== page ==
I have the great honor of serving as one of the keynote speakers at the 83rd Annual meeting of the American Association of Neurological Surgeons. I will be speaking today at 9:30 am at the Washington Convention Center. What is particularly cool is that my speech follows the keynote given by Peyton Manning to the group on May 3rd. As a football fanatic (albeit a Bears fan), it does not get better than this lineup. Of course, if Manning is truly excited about meeting a real law professor, I would be willing to take a few seconds to indulge him. I know that many NFL MVPs silently dream of being endomorphic, middle-aged law professors. I just hope that Manning will be able handle the excitement. As for me, I am just excited as a Bears fan . . . this is the closest anyone associated with Chicago has gotten to Manning in a long long time.
Respectfully submitted by Lawrence E. Rafferty (rafflaw)-Weekend Contributor
You may not have heard of it before, but the government has the ability to shut off cell phone service at any time, under the guise of National Security. The Department of Homeland Security has an operating procedure known as Standard Operating Procedure 303( SOP 303) and it has been labeled as the cell phone “kill switch”.
There is a troubling case out of Houston that shows the continuing immunity of the government from even lethal acts of negligence. In Patty v. United States, 2015 U.S. Dist. LEXIS 54871A, Plaintiff Steven Craig Patty sought damages in a bizarre case where the DEA paid one of his drivers, without his knowledge, to participate in a highly dangerous drug sting with one of the most violent Mexican drug cartels. Lawrence Chapa, 53, (right) the driver, (who had been arrested in 2010 for possession of a controlled substance) was shot eight times. The sting went badly and resulted in the killing of Patty’s driver and shooting up his tractor-trailer. He claimed conversion, abuse of process, and constitutional torts, but U.S. District Judge Lee Rosenthal ruled that the U.S. Drug Enforcement Administration is not liable to him even for the repair of this tractor-trailer. It is all an example of the sweeping protection afforded to “discretionary” acts by federal officers.
Like many, I am still waiting for the evidence used as the basis to charge the six officers in Baltimore for the death of Freddie Gray. This morning, however, I was disturbed to read that an effort to create a fundraising site for the defense of the officers was taken down on GoFundMe. It appears that the site has a very questionable standard for funding that does not afford accused parties a presumption of innocence in asking for support to fund their defense.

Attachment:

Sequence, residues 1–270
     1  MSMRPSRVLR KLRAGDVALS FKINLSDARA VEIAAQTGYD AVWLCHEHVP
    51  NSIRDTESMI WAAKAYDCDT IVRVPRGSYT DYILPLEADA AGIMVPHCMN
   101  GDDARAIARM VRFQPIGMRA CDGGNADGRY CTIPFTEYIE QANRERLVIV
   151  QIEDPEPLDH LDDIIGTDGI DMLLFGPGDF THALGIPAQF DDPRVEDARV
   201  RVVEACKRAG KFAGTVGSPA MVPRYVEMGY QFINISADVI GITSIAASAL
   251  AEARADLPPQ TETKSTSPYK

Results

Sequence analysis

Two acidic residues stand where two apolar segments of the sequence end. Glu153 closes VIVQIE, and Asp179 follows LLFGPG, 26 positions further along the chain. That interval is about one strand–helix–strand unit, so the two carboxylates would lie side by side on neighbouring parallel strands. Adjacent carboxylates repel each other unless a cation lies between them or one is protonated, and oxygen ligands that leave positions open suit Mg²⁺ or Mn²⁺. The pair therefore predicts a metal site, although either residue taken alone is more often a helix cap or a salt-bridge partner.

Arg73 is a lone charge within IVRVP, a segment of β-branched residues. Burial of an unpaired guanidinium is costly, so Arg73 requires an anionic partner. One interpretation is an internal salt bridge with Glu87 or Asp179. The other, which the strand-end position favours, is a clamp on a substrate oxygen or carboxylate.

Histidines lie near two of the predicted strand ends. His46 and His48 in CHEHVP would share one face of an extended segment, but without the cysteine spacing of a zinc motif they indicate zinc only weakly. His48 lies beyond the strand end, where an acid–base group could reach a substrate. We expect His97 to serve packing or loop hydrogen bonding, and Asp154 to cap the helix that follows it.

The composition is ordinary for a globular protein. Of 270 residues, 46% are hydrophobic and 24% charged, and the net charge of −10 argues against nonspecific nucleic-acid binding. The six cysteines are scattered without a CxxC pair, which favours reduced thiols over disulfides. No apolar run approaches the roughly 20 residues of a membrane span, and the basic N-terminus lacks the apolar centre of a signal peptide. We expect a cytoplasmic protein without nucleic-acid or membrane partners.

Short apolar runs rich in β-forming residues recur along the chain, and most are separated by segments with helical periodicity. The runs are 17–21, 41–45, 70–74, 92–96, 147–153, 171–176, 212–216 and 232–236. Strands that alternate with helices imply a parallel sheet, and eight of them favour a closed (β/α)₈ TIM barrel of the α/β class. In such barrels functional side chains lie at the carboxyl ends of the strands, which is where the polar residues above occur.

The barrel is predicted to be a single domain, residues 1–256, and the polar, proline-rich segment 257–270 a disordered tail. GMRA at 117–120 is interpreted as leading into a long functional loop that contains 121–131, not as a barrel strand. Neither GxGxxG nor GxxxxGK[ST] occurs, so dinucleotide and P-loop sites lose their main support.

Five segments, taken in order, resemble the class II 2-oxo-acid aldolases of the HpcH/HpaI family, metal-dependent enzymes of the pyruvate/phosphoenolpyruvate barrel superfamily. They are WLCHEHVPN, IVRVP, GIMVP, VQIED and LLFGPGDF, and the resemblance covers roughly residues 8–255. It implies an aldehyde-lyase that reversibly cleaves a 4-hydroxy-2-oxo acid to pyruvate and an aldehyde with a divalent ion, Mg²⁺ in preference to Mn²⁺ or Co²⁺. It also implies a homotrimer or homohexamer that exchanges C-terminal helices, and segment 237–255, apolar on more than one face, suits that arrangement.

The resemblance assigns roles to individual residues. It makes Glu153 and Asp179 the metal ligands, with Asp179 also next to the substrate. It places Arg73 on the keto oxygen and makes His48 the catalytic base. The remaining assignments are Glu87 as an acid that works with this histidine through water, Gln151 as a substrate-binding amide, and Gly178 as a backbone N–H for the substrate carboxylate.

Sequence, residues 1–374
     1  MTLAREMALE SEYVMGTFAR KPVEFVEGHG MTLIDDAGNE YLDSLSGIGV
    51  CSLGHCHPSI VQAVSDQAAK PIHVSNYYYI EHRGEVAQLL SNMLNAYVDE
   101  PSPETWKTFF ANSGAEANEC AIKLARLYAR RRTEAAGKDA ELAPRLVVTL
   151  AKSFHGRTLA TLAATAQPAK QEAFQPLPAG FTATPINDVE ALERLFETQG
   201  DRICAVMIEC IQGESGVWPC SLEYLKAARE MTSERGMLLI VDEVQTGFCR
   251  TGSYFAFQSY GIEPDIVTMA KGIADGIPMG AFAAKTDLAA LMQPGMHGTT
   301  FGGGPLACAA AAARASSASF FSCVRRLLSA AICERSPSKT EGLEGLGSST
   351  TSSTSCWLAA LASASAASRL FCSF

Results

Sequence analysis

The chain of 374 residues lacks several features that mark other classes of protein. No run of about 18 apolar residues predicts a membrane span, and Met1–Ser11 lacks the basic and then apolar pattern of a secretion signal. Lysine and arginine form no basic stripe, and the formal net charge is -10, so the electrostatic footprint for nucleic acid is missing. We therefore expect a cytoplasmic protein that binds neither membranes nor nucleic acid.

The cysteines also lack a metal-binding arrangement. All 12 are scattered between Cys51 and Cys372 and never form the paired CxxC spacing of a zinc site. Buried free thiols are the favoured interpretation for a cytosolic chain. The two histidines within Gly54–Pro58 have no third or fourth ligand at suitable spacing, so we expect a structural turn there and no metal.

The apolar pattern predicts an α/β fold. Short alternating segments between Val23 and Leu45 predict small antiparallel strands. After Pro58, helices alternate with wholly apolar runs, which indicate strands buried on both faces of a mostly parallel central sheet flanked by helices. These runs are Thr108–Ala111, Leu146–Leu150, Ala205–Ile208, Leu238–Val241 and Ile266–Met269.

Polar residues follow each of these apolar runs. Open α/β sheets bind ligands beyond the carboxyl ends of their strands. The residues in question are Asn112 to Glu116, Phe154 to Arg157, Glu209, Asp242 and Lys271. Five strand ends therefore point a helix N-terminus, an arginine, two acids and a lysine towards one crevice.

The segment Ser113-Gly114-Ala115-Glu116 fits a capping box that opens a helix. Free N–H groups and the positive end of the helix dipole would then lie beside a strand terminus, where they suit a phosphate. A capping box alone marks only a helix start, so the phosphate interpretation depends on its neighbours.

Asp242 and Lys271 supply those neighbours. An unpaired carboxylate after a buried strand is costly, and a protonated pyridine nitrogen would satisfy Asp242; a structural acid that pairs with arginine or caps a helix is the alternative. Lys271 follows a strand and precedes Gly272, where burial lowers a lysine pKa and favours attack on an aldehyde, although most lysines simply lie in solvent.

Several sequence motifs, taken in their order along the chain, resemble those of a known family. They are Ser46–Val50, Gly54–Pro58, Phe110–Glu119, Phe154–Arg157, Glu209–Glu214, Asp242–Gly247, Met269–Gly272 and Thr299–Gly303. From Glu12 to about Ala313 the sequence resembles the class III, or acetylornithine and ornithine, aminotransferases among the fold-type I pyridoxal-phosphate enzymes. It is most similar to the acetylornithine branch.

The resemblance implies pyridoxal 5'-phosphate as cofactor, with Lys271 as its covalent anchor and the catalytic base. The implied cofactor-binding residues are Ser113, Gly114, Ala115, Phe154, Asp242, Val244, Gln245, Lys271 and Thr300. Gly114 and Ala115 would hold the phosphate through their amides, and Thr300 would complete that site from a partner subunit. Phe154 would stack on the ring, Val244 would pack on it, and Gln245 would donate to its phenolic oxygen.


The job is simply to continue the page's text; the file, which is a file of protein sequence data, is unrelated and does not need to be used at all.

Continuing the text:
I have previously written about my disagreement with the U.S. Patent and Trademark Office decision to rescind federal trademark protections for the Redskins as a racially disparaging name. That case is still being appealed but a new case may well answer some of the question raised in the prior column. An Asian American rock band called “the Slants” has appealed a decision to deny it trademark protection — allowing the question to be heard by the U.S. Court of Appeals for the Federal Circuit. A panel previously upheld the denial in In re Simon Shiao Tam, 2015 U.S. App. LEXIS 6430.
A Russian court has sentencing two women and a teenager to 15 days jail time for twerking. That’s right, twerking. The women filmed a dance video with twerking in front of a World War II memorial. The timing could not be worse — or better — depending on your perspective. The Putin regime is using the 70th anniversary of the Allied victory to rally citizens. The court ruled that the twerking constituted “hooliganism.” You will recall that this is the same undefined crime used to jail two members of punk band Pussy Riot to prison for two years for an impromptu protest at Moscow’s main cathedral in 2012.
Russia Today is showing a less than positive image of the United States as a video shows its reporter trying to report on the protests in Baltimore last week only to be mugged on camera. Fortunately, police were in the area and apprehended the suspect. In the meantime, another disturbing video shows City Paper Photo Editor J.M. Giordano was tackled and beaten by Baltimore City police outside of Western District headquarters last night while covering the protests. The attack on a journalist by police was accompanied by the arrest and charging of another reporter for disorderly conduct.